There are three layers of the skin: the epidermis, or overskin; the dermis, or skin; and the subcutis, or underskin (structure). The epidermis is largely composed of the tough material called keratin, a hard, horn-like protein that also makes up our hair and fingernails. The epidermis is never thicker than 1/25 inch, the thickest skin being on the bottom of the feet and palms of the hands and the thinnest skin on the eyelids.

Both the dermis and the subcutis are highly vascularized in order to maintain the skin itself, but it also provides temperature control for the interior of the body thus helping us to save energy. If the temperature inside the body changes by as little as 1.5deg. F, the body's metabolism changes by as much as 30% (systems and interactions, stability). The dermis and the subcutis also contain a large percentage of fat to help insulate the body, and the dermis holds the sweat glands which cool us down when we get too hot. On hot days when we exert ourselves physically, we can lose as much as 3 gallons of water through sweating. Further, all three layers also protect against dehydration. Our body is 75% water at birth, but the environment in which we live is much drier.

How do other animals keep their insides in?

Other mammals have skin similar to human skin. However, most mammals have more hair than humans do. We have lost much of our hair simply because it is not necessary. Other mammals use their hair, basically just an extension of the epidermis, to provide insulation and to conserve energy.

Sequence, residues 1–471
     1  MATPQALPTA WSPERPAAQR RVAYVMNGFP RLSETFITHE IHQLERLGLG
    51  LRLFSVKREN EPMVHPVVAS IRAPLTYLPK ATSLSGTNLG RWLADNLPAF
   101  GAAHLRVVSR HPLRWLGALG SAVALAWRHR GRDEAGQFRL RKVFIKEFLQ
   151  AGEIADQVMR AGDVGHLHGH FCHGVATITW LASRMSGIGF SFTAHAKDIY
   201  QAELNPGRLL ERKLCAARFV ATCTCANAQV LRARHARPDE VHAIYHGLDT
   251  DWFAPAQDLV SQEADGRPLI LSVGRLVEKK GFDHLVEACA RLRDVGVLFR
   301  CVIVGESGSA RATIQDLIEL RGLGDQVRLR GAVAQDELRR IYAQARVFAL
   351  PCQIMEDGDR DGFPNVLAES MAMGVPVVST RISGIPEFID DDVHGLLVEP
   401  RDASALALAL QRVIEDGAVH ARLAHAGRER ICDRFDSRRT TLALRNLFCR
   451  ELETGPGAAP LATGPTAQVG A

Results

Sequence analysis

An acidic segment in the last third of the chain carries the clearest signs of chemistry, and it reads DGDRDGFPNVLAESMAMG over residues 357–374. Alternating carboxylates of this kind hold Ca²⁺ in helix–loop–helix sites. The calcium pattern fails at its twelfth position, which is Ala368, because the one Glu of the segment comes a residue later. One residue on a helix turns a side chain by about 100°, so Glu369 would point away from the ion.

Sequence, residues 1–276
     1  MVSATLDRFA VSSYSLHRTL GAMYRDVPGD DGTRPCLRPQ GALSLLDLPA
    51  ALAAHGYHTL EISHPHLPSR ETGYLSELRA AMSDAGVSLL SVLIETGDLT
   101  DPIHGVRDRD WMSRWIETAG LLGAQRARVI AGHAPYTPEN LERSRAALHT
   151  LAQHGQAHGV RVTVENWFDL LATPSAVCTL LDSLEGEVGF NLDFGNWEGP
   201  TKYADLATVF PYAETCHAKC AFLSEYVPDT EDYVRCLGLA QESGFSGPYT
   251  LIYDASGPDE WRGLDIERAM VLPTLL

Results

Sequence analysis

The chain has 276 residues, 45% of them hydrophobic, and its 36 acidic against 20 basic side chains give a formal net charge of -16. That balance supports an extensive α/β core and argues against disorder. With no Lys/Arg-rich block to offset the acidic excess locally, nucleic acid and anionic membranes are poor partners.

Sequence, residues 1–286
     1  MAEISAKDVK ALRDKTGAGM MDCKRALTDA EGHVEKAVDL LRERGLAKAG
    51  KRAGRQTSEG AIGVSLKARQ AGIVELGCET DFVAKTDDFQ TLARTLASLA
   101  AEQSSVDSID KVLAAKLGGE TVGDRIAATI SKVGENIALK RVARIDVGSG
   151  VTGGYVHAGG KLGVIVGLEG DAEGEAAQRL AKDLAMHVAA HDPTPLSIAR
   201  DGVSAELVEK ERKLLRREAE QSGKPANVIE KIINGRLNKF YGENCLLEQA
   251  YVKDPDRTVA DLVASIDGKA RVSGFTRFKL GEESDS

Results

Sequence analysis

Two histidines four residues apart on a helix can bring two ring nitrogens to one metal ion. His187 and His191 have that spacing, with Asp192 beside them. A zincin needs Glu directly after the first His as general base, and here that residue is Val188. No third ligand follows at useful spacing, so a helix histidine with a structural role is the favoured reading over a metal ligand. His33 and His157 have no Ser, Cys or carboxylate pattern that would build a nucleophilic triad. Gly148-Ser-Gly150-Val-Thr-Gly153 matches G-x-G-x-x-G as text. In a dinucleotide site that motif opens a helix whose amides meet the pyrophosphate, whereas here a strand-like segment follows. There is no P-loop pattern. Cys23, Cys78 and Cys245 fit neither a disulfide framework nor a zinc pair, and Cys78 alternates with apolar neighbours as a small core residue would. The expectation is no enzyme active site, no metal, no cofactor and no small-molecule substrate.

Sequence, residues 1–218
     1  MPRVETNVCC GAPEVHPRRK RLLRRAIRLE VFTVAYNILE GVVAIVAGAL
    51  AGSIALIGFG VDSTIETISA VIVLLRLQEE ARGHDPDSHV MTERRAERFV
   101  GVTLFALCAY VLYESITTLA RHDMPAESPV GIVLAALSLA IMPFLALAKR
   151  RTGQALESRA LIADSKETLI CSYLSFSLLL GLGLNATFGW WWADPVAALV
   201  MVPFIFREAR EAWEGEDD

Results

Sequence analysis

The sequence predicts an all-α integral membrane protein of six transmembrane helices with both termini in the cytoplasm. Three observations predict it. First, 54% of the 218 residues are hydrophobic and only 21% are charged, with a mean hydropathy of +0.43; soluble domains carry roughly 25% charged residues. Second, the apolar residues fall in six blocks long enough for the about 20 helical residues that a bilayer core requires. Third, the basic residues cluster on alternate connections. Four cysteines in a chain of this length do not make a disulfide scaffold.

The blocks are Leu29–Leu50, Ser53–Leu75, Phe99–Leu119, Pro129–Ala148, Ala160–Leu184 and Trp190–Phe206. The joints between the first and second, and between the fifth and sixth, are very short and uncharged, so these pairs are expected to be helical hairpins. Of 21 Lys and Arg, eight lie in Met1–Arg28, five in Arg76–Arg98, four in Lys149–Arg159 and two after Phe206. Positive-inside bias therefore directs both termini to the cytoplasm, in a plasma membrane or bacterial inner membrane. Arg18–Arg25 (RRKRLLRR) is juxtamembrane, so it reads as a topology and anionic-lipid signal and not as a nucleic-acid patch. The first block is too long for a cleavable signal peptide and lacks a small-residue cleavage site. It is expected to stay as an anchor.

Reptiles have scales to cover their bodies. In contrast to mammalian skin, reptile scales do not provide a great deal of insulation. Reptiles are ecothermic, or cold-blooded, creatures which means their body temperature is similar to the ambient temperature. Reptile scales are very tough and difficult to puncture, even by sharp teeth, thus protecting the reptile from attack. Also scales do not grow with the reptile. The reptile must shed its old skin and replace it with new skin as the reptile grows.

Birds have specialized scales called feathers. The feathers provide insulation and conserve energy. They also function in other important ways, such as assisting with flight, providing camouflage, and often playing a key role in courting and mating rituals.

Insects have very specialized coverings called exoskeletons. The insect has no internal skeleton like humans do. Instead their hard "shell" provides support for the insect's body, contains the internal workings of the insect, and protects the insect, to some degree, from external attack.

How do plants keep their insides in?